Most car accident lawsuits are based on the tort of negligence. Establishing liability in these cases is fairly straightforward when the defendant is clearly to blame for the plaintiff’s harm, but things become more complicated when both parties are at fault. In these situations, the plaintiff’s recovery will be based on either the doctrine of contributory negligence or the doctrine of comparative negligence. In a state that follows the contributory negligence doctrine, any negligent act by the plaintiff will prevent them from recovering damages. Ohio is one of the 46 states that follow some form of the comparative negligence doctrine.
The comparative negligence doctrine allows plaintiffs who acted negligently to recover damages, but it reduces the amount they are awarded to reflect their degree of fault. This means that juries must first determine the appropriate damages and then allocate blame. If a jury determines that $50,000 is what should be awarded to compensate a plaintiff for their harm and then concludes that the plaintiff was 30% responsible for causing the accident that injured them, the damages awarded will be reduced by $15,000.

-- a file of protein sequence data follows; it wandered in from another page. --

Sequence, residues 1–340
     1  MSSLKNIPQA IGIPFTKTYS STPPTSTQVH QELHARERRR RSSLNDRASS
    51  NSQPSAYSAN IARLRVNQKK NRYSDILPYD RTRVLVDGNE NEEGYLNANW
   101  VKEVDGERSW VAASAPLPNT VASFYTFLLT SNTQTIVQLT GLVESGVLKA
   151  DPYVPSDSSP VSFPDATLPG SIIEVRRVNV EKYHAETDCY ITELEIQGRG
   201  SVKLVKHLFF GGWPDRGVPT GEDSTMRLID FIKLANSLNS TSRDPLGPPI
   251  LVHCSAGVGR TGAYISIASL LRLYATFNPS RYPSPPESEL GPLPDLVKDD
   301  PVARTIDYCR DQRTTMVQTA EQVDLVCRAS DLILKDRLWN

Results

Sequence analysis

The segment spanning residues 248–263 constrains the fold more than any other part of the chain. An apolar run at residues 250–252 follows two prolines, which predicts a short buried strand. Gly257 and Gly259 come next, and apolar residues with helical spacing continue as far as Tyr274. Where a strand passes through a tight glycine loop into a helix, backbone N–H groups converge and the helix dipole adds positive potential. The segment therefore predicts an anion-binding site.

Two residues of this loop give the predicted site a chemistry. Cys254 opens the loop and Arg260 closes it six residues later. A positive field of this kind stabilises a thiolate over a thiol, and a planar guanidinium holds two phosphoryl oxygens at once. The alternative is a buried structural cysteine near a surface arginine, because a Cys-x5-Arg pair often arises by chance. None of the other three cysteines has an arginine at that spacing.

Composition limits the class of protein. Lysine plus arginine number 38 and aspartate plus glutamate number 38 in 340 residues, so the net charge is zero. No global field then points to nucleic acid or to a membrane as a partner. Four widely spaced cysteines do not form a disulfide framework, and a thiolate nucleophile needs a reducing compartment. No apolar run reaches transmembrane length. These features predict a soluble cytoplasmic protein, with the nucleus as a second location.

Pure and modified comparative negligence
In states that take the pure comparative negligence approach, personal injury plaintiffs can recover damages even if they are found to be mostly at fault. If the defendant in a car accident lawsuit in one of these states was 1% to blame, the plaintiff could recover 1% of their losses. Ohio is one of the 33 states that takes the modified comparative negligence approach.
Car accident victims who file personal injury lawsuits in Ohio are awarded reduced damages when juries determine that they share some of the fault. Ohio follows the modified comparative negligence doctrine, which means plaintiffs are barred from recovering damages if they are found to be more than 50% responsible for causing the accidents that led to their injuries.